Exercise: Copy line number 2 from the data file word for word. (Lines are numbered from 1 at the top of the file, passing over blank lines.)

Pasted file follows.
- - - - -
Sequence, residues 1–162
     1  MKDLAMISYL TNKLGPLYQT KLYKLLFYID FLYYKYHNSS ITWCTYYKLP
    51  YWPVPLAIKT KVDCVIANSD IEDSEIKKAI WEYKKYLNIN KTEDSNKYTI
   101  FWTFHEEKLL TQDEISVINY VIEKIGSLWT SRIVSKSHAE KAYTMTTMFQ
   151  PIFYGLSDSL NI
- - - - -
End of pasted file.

     1  MKDLAMISYL TNKLGPLYQT KLYKLLFYID FLYYKYHNSS ITWCTYYKLP